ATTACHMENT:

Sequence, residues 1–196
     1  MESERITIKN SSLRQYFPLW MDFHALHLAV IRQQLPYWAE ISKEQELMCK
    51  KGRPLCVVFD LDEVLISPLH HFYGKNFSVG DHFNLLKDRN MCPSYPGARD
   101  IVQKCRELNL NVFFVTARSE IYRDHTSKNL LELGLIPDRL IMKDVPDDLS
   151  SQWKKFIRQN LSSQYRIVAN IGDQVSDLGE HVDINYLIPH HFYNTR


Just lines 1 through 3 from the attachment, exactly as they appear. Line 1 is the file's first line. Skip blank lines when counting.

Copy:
Sequence, residues 1–196
     1  MESERITIKN SSLRQYFPLW MDFHALHLAV IRQQLPYWAE ISKEQELMCK
    51  KGRPLCVVFD LDEVLISPLH HFYGKNFSVG DHFNLLKDRN MCPSYPGARD